Here’s how to follow South Africa’s No Confidence Day online

south africa flag no confidence warrenski flickr

It’s a big day for South Africa (and not just because it’s a public holiday tomorrow). It’s No Confidence Day, as some political parties are labelling it, and that could signal a shift in political power in the country.

But you might not be able to follow proceedings from the comfort of your television or AM/FM radio. Instead, you’re probably at work slaving away over a hot keyboard.

If that’s the case, don’t worry. This article aims to highlight the various ways to follow the No Confidence motion as it happens in Parliament, and beyond.

Some must-bookmark information first:

Note: proceedings from Parliament will begin at 2pm, Tuesday.

Follow Memeburn’s political journalist Twitter list

Following our Digital All Stars piece published earlier this year, we’ve crafted a list of often-tweeting journalists who will likely cover the No Confidence proceedings from the ground.

You can use the list whether you have a Twitter account or not.

Twitter’s ridiculous (and growing) list of hashtags

While Twitter hashtags allow information and tweets to be organised in logical, threaded streams, too many hashtags can often have the exact opposite effect.

Not to worry though. Using Twitter’s advanced search string functions, you can filter tweets using a number of hashtag.

Below is an updating list of hashtags you should paste into Twitter’s search bar, and keep an eye on.

#VoteOfNoConfidence OR #NoConfidenceVote OR #NoConfidence OR #NoConfidenceDay OR #MotionOfNoConfidence OR #Parliament OR #ZumaVote OR #BalekaMbete OR #ZumaMustFall OR #SecretBallot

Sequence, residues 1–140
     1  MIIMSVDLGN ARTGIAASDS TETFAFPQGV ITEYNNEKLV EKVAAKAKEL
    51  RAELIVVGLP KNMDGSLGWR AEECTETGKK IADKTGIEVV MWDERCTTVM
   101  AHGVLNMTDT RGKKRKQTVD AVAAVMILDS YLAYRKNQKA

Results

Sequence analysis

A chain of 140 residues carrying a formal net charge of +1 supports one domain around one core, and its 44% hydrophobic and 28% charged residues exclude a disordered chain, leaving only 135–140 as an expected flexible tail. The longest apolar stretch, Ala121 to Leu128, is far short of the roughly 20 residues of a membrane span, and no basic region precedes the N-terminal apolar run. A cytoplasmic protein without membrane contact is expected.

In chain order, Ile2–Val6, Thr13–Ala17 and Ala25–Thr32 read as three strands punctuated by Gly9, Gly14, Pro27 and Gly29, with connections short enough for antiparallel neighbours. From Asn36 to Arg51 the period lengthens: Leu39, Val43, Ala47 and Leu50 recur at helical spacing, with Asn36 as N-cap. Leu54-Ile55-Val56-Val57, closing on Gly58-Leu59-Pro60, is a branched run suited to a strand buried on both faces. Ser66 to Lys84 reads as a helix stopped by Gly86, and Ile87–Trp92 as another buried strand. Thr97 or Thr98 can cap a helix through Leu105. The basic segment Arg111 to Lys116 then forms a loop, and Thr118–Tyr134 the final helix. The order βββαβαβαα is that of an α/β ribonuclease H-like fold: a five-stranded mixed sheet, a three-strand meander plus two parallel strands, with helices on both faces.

Protests currently taking place in Soweto are being documented using #Soweto. While protests beginning in Cape Town are being discussed using #Keizersgracht and #UniteBehind.

Livestreams on YouTube

The popular media houses should be broadcasting proceedings live on YouTube. We’ve embedded ANN7’s feed below [lol – ed], as it’s seemingly the only 24-hour long stream available on YouTube.

Once other streams are live, we’ll be sure to embed those as well.

Direct from Parliament:



3 Twitter lists of South Africa’s political all stars

Where there’s a topic, there’s probably a Twitter list for it.

This particular list includes some of South Africa’s most followed politicians as outlined in this Digital All Stars article from April 2017.

Another list, including parties, regional party accounts and other members of governance, can be found here.

Finally, for direct commentary from ministries and department heads, this is the Twitter list for you.

Good ol’ live blogs

While Twitter has largely made live blogs redundant, they still offer more than 140-character updates at a time. We’ve listed some of the more popular live blogs covering the No Confidence Day below.

Instagram and Facebook

For a platform that hosts pictures of breakfasts and Table Mountain, Instagram might not seem like a useful tool to use during a serious political incident, but it is. In fact, Instagram might be one of the better ways to view images in and around Cape Town’s Parliamentary precinct today.

Visit the below location tags for geolocated photographs from Parliament, Cape Town’s CBD and beyond.

You can also use the above mentioned Twitter hashtags in Instagram too.

This trick also works for Facebook.

Streaming radio stations

Radio has been given new life thanks to the internet. You might prefer working to the soothing sounds of talk stations rather than watching pictures of marching protests. If that’s your thing, below are links to a few of South Africa’s more popular streaming news radio networks.

Feature image: warrenski via Flickr (CC BY-SA 2.0, resized)



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